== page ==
On November 10, me and my girlfriend at the time, a nurse from a Worcester Hospital, left for Boston, on her Ford PInto. Whe we arrived, parking was already a big problem, but we managed. As I entered the Garden I noticed that ads for an argentinian singer by the name of Sandro, were beinbg displayed next to info about Elvis'concert. As a peruvian, I knew Sandro well. He was, at the time, already somewhat fading as a big star in Latin America, but I couldn't believe it that, of all people, he would be also appearing at the Garden, which is a pretty big place. His concert though, was not there, but somewhere else in the city. Amazingly, I saw him a few minutes later, standing in the first row. Luck was not with me that day. First, my recorder didn't work. Then the flashbulb for my camera didn't either. I have, therefore, no mememtos that I could have kept from that incredible evening.

Luckily for me, Elvis was indeed in top form that night. Although I half-expected him to appear in his white jumpuit, the image of him walking on to the stage in that black matador outfit blew me, and my girlfriend away. I was on the tenth row, to the left side od the stage, and he looked about three inches tall!!! It wasn't a great seat, but in the end, it was OK.

There was a certain electricity in the air. The huge roar, the sound of the 2,001 intro, his magnificent appearance, and especially, the time he took to utter the first words of "That's all right" made it even more electrifying. I was delighted when he followed it with "I got a woman", but I wasn't expecting the full stop, then the re-entering in the song's finale, and again, it blew me away. As far as I am concerned, the only dissapointment was his rendition of "I'm leaving". I didn't know the song, and I thought that perhaps it slowed the show a bit. "Bridge" was one of my favourites, and heard live, it really got to me, as did "Suspiciou s Minds", which he ended with several karate moves to the sound of a Ronnie Tutt solo. At the end of "Can't help falling in love" and as Elvis dissapeared, my girlfriend, who wasn't an Elvis fan per-se, kept hoping for the King to comeback on the stage, but I knew better. Before I could say anything, the famous words were heard, quite loud, over the huge amplifiers: "Elvis has left the building. Thank you, and good night"

We headed back to Worcester, where I tried to convince my roomates, and other underclassmen in the corridors near my room, that they had really missed a great show. A few were interested, others said Elvis was no loger the King. How wrong they were. One of them, even after almost thirty years, told me recently that he regretted not being there with that night. But, as Elvis used to say, "That's how the mop flops"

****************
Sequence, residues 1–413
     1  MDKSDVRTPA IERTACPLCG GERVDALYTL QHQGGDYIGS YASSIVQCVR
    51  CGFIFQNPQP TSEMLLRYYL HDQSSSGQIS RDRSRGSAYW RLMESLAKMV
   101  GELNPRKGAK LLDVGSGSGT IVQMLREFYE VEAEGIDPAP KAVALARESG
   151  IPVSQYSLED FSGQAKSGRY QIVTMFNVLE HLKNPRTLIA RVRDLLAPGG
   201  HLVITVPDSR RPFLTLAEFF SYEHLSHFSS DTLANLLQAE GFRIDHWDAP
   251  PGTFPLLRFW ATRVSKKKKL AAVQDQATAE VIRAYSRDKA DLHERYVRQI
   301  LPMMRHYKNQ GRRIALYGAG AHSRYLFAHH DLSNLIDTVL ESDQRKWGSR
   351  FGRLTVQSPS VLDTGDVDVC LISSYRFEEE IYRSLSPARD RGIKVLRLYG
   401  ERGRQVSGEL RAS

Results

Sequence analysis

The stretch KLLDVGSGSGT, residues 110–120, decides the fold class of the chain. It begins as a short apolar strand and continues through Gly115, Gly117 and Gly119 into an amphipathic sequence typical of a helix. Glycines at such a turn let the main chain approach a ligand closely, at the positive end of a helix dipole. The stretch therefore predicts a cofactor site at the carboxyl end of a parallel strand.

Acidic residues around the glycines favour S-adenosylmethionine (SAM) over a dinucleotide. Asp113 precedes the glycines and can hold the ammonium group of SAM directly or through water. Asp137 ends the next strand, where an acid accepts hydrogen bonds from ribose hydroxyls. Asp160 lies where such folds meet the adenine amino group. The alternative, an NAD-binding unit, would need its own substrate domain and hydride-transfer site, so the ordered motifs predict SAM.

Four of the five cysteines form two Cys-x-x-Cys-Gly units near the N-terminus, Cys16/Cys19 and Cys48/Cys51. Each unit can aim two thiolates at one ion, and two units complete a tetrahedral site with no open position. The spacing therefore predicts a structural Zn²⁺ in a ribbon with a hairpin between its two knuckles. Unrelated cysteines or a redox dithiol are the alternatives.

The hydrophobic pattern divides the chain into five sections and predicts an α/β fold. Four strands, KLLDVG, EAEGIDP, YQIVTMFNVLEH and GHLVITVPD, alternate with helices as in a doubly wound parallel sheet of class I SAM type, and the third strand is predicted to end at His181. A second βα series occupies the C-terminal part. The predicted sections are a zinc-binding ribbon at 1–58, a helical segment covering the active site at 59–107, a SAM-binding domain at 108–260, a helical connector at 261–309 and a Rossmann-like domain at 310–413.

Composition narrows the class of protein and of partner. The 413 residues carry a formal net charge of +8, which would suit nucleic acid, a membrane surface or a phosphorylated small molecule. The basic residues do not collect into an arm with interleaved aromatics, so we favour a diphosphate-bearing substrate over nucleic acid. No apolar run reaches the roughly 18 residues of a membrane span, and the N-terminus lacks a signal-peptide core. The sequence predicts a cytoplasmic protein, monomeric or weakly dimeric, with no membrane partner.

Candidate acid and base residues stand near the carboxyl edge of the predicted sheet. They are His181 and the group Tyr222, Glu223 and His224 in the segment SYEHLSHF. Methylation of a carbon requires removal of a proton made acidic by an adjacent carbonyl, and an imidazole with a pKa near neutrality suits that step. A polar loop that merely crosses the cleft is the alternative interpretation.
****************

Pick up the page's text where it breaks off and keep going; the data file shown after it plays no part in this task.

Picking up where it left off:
Thanks and regards

Guillermo

Michigan concerts and New Year's Eve too !!

I was only fourteen at my first Elvis concert so I was kind of in a daze.

I did get a scarf from him, it even has his sweat on it! I wouldn't wash my hand for days because he touched me! It was an awesome experience.

Even though there were hundreds of people there, you felt like he was singing just to you. Even with all the screaming you kinda blocked it out to hear only his voice.

I have been in awe of him since his 68 concert special.

Always an Elvis fan,

Terry

Nevada, California, Arizona

We saw around 30 concerts live, in Vegas and around California and Arizona.

From the lst shows in Vegas to the last show done in Tempe Arizona where he was pale, very THIN and shakey but he did a great show. 3 days later he was puffy, bloated looking, pastey grey of skin, weak and obviously quite ill.

BUT he was out there pouring his heart out, trying to please the many people that he knew were there just to see him again. Elvis knew how to give, how to love, how to relate compassionately and he did his best to bring happiness to his concerts.

Anyone who hasn't been there can't understand those who have-it's something you have to experience first hand. Just like being in love-it either is or it isn't.

When we're all gone from this earth-those of us who saw him, who breathed the same air-there will be only written word, film and photos. And Elvis will still live in the minds and hearts of the people. Why? Because he loved them.

wanda Berry Hill

Las Vegas, NV. Bloomington & Indianapolis, IN

My dream my whole life was to see Elvis and my dream came true in 1971 I was in Vegas on a trip with my dad and my 2 sons and we stopped at gas station and attendant told us Elvis was at the International Hotel and I had $100 and told my dad I didn't care if it took every penny I had I was going to see Elvis.

When he came on stage I felt like my heart just stopped he was so amazing and all I could do was stare. Then in June of 1974 I saw him in Bloomington, IN. had floor seats and I tired getting up to the stage 2 x's and was escorted back to my seat by security and told not to do it again! But I tried the 3rd time and when security came towards me Elvis said "Let Her Come", and boy did I beat it to the stage of course everyone else got up also but I got right at the edge of stage and Elvis grabbed my hand and that is a moment I will remember all my life. All I could do was once again stare and cry.

Then I was lucky enough to see him at his last concert in Indianapolis, IN. in June of 77 and I was so very sad because you could tell he was sick, couldn't remember some of the words to his songs, but not one time did that great wonderful voice falter. I cried through most of the concert and I just knew something bad was gonna happen, and it did. But I thank God thank I got to experience all that I did.

Sharon

Las Vegas, NV. Philadelphia, PA

I saw Elvis 3 times Phil, PA 11/7/71, Las Vegas Hilton Aug. 1973, Phila, PA 6/28/76

I was surprised when I saw him in 1976 I did not know how sick he was then at the time he had gained a lot of weight. The album covers at the time used pictures of him looking good from the early 70,s

I would like to say the Vegas show was great and he looked great. He was in rare form that night. At the beginning of the show the See See Rider Vamp went on for a longer than normal time. I remember looking at James Burton's face, he looked as if to say: when is he coming out! What is going on!

I also saw the Elvis in Concert March 21, 1998 at the Sony e Center in Camden , New Jersey. After seeing Elvis 3 times in person , the new Elvis in Concert show really come as close as it gets to the real experience.

David Valentino